Janette Kim started designing board games about climate change after working on scenario planning with her architecture students at Colombia University–and seeing that the typical process, which architects and many cities use to make decisions, was fairly boring. Board games brought the scenarios to life. “They’re great at mixing together a lot of complexity and making that visible,” says Kim, who now teaches at California College of the Arts and leads the Urban Works Agency, a research lab at the school that looks at the use of architectural design on social justice issues, sustainability, and economic resilience in cities. A series of the games developed by Kim and her students, called Win-Win, is now in an exhibit at Yerba Buena Center for the Arts in San Francisco.
In a Monopoly-like game called The Other 99%, each player is a real estate developer, but one player starts with three times more money than the others–and as sea level rises, they can afford to build on higher ground. The other players have more votes; every other round, everyone discusses whether to build a levy and who will pay for it. “You basically see how risk associated with your properties influences your decision-making and your tendency to either seek short-term profit or long-term profit,” she says.
In Bartertown, a game that imagines a world without money, players trade favors and share resources to deal with the impacts of climate change. The game was commissioned by The Bay Area Conservation and Development Commission for use in public meetings and with agency partners; the commission wanted to explore the idea of social resilience. Each player starts out in a different part of the Bay with different everyday activities to accomplish, and then has to start collaborating with other players when things go wrong–say, you have to get to work, but flooding has taken out your commute, so you have to make a trade with another player to stay at their home, closer to your office. “You start to see how people’s lives entwine with each other,” Kim says.
Delirious D.C. looks at the challenge of relocating buildings because of sea level rise. One player represents the federal government, which has many buildings in risky floodplains in D.C., and the other represents local citizens in the city. The local player might want to build housing or create parks; the federal player might want to relocate the FBI or the Smithsonian. Each tries to build up as much territory as they can while blocking the other player, and can earn extra points by convincing the other player that new combined institutions–like the F.B.I.R.S.–make sense as a new way to make use of limited space.
In Flip This Hood, a checkers-like game based on East Oakland, neighbors are pitted against the owners of a sports stadium and major sports teams. “The game basically studied the way that the Coliseum either benefits or does not benefit the neighborhood of local residents,” says Kim. Each player tries to reach the other side of the board first, through actions that range from building a public art piece to eviction or squatting on the other player’s property.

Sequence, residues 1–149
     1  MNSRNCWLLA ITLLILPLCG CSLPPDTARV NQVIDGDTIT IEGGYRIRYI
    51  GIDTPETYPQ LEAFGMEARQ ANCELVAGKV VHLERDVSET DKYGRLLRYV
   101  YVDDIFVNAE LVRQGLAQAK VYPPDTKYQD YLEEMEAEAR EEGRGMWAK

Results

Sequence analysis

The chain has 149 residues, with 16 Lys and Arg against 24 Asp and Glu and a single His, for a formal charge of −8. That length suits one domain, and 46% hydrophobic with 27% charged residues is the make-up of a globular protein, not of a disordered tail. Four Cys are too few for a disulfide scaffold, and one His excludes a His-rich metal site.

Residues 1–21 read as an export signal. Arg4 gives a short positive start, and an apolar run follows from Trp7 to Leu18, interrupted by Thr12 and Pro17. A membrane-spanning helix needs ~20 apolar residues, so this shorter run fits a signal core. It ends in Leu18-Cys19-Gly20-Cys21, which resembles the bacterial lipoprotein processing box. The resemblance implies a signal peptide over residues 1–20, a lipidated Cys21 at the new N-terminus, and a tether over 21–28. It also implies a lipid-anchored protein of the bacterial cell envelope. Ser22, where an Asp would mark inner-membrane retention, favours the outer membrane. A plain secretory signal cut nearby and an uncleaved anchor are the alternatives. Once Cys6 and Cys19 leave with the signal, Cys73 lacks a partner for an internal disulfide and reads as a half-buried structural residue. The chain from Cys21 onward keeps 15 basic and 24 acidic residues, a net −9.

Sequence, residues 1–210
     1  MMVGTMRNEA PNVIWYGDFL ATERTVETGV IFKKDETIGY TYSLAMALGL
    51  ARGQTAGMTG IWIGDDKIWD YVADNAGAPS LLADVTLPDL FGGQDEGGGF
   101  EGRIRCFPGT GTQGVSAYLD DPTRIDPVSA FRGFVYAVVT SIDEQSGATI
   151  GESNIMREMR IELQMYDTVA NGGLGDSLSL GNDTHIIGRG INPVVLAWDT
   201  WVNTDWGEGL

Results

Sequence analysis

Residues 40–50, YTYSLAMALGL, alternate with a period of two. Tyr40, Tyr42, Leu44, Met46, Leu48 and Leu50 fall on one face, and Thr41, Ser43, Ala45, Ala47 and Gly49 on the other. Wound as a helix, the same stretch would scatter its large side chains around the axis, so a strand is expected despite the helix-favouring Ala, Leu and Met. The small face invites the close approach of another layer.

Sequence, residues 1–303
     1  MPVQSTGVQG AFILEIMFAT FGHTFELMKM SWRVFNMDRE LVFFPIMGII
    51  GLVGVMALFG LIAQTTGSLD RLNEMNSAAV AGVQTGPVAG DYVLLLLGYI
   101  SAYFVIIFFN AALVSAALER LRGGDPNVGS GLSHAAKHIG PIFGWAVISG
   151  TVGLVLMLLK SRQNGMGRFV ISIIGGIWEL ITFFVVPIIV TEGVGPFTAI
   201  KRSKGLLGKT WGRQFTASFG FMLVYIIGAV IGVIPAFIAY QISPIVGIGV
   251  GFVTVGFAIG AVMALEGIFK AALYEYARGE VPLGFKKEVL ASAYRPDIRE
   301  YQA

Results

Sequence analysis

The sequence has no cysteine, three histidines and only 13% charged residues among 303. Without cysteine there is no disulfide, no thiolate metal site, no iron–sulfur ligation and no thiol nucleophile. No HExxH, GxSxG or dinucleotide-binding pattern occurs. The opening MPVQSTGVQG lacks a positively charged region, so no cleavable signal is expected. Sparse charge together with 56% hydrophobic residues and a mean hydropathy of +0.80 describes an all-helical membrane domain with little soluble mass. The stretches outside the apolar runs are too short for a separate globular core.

A game called In It Together, also based on the East Bay, gives each player the identity of a different stakeholder–such as a developer, a resident, or local wildlife. As climate change impacts the community, they have to decide when to collaborate or compete. Kim used the game as part of a team in Resilient by Design, a competition that asked designers to consider how Bay Area neighborhoods could be redesigned to better deal with future flooding. During the process, designers were meeting with a wide variety of groups, from the parks district to the airport and many other agencies. “All these people basically would get together every month and talk about what we thought resilience should look like and what we really wanted to prioritize, and it was, it was a really hard thing to do,” Kim says. “Everyone had different values and different languages and were also very suspicious of each other. So we made the games through the process and then we played it with everybody.” It helped start conversations.
Kim is now working with an independent game producer to bring the In It Together game to market, and plans to launch a Kickstarter campaign. Games like this can be used both for planning and to help people think differently about the complexity of climate action, she says. “I think a lot of times when we talk about climate change, we have a tendency to talk about it as a question of should we act because we care enough about it, or should we keep about our daily lives?” she says. “What I really enjoy about the both the competitive and cooperative nature of games is that it recognizes that people just come from different perspectives and they have many different reasons for either thinking short-term or long-term, or valuing landscape or profit or property or equity–there are so many different value systems that are really enmeshed within climate change.”